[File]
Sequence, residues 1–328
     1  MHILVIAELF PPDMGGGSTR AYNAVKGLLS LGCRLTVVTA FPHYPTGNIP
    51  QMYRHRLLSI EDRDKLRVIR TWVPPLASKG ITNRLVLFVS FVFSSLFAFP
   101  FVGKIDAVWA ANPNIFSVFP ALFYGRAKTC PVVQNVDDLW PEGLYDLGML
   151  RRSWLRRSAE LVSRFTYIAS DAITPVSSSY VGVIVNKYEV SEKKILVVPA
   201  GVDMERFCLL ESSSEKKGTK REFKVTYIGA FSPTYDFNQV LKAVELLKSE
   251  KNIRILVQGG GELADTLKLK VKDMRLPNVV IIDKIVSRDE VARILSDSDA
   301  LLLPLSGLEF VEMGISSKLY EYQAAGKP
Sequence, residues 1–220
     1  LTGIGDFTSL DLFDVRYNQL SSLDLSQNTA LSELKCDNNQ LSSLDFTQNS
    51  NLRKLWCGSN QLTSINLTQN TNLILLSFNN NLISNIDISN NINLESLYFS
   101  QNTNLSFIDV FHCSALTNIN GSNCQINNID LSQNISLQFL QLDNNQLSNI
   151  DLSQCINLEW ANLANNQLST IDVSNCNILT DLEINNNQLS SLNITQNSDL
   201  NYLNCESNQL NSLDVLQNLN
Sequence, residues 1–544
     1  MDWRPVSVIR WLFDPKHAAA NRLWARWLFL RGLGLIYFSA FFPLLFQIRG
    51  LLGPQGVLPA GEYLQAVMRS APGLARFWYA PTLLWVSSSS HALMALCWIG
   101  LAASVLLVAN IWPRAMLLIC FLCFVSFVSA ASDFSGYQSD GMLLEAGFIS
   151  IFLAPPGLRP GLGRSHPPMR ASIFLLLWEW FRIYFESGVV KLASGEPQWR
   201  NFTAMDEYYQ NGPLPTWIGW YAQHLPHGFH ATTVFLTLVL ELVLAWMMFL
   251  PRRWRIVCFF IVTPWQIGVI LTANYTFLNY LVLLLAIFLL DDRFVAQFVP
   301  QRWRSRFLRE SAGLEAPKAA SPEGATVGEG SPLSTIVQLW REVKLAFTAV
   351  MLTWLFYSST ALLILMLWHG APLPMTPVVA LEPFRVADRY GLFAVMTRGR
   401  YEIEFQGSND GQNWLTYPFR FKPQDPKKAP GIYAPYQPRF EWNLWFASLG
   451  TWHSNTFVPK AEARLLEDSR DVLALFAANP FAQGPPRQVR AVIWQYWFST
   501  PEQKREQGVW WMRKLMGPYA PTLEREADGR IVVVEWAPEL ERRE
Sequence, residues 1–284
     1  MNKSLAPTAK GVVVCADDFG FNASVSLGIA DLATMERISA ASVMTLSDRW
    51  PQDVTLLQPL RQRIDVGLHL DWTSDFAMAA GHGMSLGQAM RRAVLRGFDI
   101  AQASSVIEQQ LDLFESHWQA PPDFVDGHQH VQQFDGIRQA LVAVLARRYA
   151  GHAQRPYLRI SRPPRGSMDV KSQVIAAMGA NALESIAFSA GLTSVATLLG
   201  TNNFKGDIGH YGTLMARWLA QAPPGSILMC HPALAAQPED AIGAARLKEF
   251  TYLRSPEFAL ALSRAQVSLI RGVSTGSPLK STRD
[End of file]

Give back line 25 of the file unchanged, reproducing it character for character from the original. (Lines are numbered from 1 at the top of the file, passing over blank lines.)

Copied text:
   451  TWHSNTFVPK AEARLLEDSR DVLALFAANP FAQGPPRQVR AVIWQYWFST